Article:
Article | Fri September 22, 2017, 12:18 AM EST
September 22, 2017 -- Sixteen-year-old, multi-talented actress Natalie Schneider is the epitome of America’s Sweetheart. Schneider is an eleventh-grade National Honor Society student, Captain and Choreographer of the Dance Team for her school’s marching band, and also won Best Musical Score for her work on the independent short film, “The Boy Who Cried Shark.” I was pleasantly surprised that Schneider was so easy-going for such a high achiever - she told me during our conversation that she just “loves going with the flow because everything happens for a reason.”
Natalie Schneider set her sights on an acting career when she was just eleven years old and she saw a booth at a local community event for The Actor’s Focus, an acting school in Wallingford, Philadelphia. She began taking classes and signed with manager, Kenny Jansen, who speaks highly of Schneider’s talents: “I have really high hopes for her,” he says. While with The Actors Focus, Schneider has worked with Brian Fox on Acting for the Camera, and with Jamie Kerezsi on Scene Study. She has also booked several films including: Lana in the independent film, “Two Left Shoes,” Alex in the short film, “Scars,” and Paige in the film, “Goodbye is Not Fair.” In addition to film, she is also active in the theater scene as well - one of her favorite roles was that of a teenage superhero, “Shade,” in the theater production of “Super Heroes Support Group,” where she was able to showcase her comedic talents as well. When not on stage, Natalie can be found behind the scenes on the make-up artistry crew for her high school dramas and musicals.
In between commercial auditions and learning about all aspects of filmmaking at The Actors Focus, Schneider tutors elementary and middle school students. She is involved with many community service projects such as volunteering for the Nether Providence Township Summer Program where she was recently promoted to camp counselor/teacher. While considering post-graduate options, Schneider looks forward to expand her acting industry career.
Ever the compassionate and caring heart, Schneider explains, “I like how acting teaches you things about different people and allows you to step into other people shoes.”
Where are you from originally?
I moved to the Philadelphia area in 2003 when I was two years old. Both of my parents are from the area.
What inspired you to be in the industry?
Growing up, I always felt that I was a little different from the children around me. I remember feeling like I was meant to be somewhere special doing something I loved and I never really knew what that was. As I got older, I found myself watching film and television more and more. I thought it was amazing how the people acting for the camera could entertain individuals all around the world through the screen. I also discovered how amazing it was to be able to step into a character’s shoes for even just a few minutes and see the world through their eyes. This power that every actor has really inspired me to be in the industry.
What are some of the projects you have worked on in the past?
Some of the projects of have worked on in the past include:
-Commercial and Public Service Announcement Auditions
-Two Left Shoes – Independent Film, Written and Directed by: Kenny David Jansen
-Scars – Short Film
-Goodbye Is Not Fair – Film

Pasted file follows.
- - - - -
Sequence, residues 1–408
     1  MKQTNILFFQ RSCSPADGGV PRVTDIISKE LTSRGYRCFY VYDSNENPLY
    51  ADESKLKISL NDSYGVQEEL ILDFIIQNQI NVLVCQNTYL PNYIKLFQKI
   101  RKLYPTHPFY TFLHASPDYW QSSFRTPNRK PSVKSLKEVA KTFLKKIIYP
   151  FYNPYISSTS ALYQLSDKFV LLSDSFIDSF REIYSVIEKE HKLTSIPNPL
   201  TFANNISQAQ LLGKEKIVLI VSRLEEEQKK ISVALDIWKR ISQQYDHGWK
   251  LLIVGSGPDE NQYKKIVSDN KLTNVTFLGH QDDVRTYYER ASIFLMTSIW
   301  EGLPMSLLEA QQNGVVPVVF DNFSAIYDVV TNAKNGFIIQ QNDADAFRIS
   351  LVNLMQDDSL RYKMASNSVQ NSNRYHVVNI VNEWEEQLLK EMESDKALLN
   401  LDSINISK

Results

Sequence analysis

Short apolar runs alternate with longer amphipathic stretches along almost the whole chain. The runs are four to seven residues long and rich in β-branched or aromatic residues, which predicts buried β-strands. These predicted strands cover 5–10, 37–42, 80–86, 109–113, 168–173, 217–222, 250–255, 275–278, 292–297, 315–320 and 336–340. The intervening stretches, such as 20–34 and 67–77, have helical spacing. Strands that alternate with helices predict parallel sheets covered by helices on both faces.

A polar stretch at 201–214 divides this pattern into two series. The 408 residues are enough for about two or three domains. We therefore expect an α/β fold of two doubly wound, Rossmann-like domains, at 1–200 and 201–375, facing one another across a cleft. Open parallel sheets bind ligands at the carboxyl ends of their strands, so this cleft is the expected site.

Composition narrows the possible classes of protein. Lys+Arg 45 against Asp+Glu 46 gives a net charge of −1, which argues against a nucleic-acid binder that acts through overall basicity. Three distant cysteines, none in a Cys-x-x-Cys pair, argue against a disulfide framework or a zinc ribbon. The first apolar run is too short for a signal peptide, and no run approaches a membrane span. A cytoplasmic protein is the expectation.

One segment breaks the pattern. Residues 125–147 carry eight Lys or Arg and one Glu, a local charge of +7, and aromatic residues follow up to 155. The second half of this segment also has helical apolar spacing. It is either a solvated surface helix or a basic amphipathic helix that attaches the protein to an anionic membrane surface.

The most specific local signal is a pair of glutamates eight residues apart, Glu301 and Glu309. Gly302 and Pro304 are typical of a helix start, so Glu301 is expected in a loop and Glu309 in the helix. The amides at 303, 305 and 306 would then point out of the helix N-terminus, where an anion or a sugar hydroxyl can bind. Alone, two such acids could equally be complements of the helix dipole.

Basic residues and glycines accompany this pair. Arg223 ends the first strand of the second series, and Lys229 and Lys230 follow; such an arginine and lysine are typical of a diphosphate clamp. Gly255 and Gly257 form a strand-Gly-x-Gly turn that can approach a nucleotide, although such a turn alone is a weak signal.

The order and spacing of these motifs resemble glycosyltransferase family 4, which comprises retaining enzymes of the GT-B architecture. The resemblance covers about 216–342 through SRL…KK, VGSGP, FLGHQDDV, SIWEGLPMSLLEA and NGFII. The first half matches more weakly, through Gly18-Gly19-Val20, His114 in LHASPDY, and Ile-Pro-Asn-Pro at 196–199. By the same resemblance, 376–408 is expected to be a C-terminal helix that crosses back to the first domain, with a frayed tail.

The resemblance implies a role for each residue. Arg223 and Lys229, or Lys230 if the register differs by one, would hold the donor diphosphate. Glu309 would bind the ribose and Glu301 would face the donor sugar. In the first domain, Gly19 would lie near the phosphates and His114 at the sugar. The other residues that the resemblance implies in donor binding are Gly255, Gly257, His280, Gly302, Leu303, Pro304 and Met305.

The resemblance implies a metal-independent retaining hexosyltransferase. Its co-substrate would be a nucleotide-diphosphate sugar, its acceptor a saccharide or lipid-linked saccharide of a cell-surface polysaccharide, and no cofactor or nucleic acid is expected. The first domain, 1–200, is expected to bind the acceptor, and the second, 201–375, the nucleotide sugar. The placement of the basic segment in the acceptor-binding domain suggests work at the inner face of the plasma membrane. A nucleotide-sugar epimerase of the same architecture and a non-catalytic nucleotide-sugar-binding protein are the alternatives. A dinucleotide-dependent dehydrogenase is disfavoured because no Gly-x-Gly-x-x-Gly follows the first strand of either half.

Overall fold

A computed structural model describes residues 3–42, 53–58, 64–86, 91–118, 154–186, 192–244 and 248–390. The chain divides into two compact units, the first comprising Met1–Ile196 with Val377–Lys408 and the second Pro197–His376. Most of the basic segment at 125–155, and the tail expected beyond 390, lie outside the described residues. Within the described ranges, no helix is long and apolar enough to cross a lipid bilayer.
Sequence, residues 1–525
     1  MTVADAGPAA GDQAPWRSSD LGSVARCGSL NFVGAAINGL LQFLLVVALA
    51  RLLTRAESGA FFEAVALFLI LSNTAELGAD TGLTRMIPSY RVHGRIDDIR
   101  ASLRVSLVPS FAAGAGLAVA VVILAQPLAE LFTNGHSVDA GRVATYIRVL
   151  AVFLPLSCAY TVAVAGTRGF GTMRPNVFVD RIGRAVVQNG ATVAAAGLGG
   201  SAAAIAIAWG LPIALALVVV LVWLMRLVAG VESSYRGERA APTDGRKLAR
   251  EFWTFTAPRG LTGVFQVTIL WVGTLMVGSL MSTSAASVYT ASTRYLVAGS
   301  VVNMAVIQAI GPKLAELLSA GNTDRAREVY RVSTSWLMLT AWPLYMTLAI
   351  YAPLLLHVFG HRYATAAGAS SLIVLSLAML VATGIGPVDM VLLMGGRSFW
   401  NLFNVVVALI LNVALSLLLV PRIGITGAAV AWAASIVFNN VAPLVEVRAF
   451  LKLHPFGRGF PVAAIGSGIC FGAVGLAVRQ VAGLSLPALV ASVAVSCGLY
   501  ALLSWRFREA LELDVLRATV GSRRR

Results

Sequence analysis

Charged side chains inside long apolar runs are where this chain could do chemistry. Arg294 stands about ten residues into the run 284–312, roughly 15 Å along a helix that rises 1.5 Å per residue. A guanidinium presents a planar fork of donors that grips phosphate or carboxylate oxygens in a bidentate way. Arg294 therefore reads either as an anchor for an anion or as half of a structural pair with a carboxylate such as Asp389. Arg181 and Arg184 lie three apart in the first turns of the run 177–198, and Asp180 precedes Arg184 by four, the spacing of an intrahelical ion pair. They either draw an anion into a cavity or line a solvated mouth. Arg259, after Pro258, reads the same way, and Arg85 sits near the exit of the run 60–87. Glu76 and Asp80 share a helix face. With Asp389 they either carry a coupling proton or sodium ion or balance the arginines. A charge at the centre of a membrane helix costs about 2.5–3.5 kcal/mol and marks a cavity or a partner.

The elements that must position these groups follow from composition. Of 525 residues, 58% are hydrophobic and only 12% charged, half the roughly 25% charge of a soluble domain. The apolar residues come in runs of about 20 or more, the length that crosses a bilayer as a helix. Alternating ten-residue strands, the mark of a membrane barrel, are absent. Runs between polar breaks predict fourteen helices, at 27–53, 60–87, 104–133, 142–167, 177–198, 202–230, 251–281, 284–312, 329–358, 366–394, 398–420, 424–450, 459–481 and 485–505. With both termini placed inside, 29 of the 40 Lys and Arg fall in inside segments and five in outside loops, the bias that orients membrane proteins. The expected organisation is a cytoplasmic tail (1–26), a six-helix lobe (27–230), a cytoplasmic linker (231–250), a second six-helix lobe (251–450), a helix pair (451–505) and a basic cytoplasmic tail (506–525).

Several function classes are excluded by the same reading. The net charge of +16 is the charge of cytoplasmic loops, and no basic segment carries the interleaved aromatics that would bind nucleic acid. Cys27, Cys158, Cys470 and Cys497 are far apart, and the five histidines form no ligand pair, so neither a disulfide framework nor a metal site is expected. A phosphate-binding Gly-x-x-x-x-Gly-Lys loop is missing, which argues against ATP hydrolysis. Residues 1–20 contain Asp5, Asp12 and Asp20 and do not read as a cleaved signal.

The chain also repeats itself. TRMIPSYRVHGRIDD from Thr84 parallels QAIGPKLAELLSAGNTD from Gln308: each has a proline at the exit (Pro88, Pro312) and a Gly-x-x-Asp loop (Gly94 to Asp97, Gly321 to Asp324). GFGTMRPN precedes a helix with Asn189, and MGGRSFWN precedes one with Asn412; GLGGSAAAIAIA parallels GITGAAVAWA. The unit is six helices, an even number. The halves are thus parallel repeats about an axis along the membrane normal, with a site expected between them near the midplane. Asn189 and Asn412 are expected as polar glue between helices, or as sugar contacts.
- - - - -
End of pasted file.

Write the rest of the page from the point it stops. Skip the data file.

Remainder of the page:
-Superheroes Support Group – Theater Production – The Actors Focus, Wallingford, PA
-Production of High School Musical - Young Players Theater, Swarthmore, PA
-The Boy Who Cried Shark – Short Film Award – Best Musical Score – Strath Haven Middle School, Wallingford, PA
-Production of You’re a Good Man, Charlie Brown – Strath Haven Middle School, Wallingford, PA
-Broadway Bound Dance Academy – Media, PA
What are your current projects?
Currently, I am working with SDP Career Community on auditioning for a television series, “High Steaks,” as well as general acting skills practice, such as cold reads, monologues, networking, public relations and press kits.
Where do you see yourself in five years?
In five years, I would like to see myself as a working actor and/or pursuing a college degree in a film related field. The ultimate goal is to love what I do and be happy to go to work and school. I believe everything happens for a reason and I plan to wait and see what the future holds.
How do you feel the industry is changing?
I believe the industry is changing with the times. Personally, I enjoy when filmmakers and television producers think outside the box and tackle tough subjects. For example, the suicide scene in “Thirteen Reasons Why” was controversial to many viewers, but I thought it was very well done. When filmmakers take chances, it becomes more real to the audience. To me, this displays creativity as well as courage, because the directors and producers can only assume how the critics and the public will react to their work. I also think social media plays a much bigger role in today’s industry.
How does it benefit you as an actor?
I believe the evolution of the industry benefits all actors, not just a select few. There is something to be said for old Hollywood glamour, but that was neither reality then; nor is it now. Today’s actors can be anyone from anywhere, classically trained or YouTubers and Bloggers. An individual can be just that without regard to racial background, gender identity, or a certain look, standard, or ideal. Talent is talent, and diversity is embraced, which makes actors more relatable. So maybe there’s hope for a normal teenager like me!
Interview by: Giovannie Espiritu
Article | Fri September 22, 2017, 12:18 AM EST